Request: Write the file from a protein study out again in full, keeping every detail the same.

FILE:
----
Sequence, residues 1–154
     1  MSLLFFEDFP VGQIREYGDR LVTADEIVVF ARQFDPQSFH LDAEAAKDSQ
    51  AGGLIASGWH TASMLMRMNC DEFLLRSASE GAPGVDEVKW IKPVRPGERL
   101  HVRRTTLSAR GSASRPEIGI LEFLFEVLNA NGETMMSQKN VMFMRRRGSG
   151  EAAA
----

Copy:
Sequence, residues 1–154
     1  MSLLFFEDFP VGQIREYGDR LVTADEIVVF ARQFDPQSFH LDAEAAKDSQ
    51  AGGLIASGWH TASMLMRMNC DEFLLRSASE GAPGVDEVKW IKPVRPGERL
   101  HVRRTTLSAR GSASRPEIGI LEFLFEVLNA NGETMMSQKN VMFMRRRGSG
   151  EAAA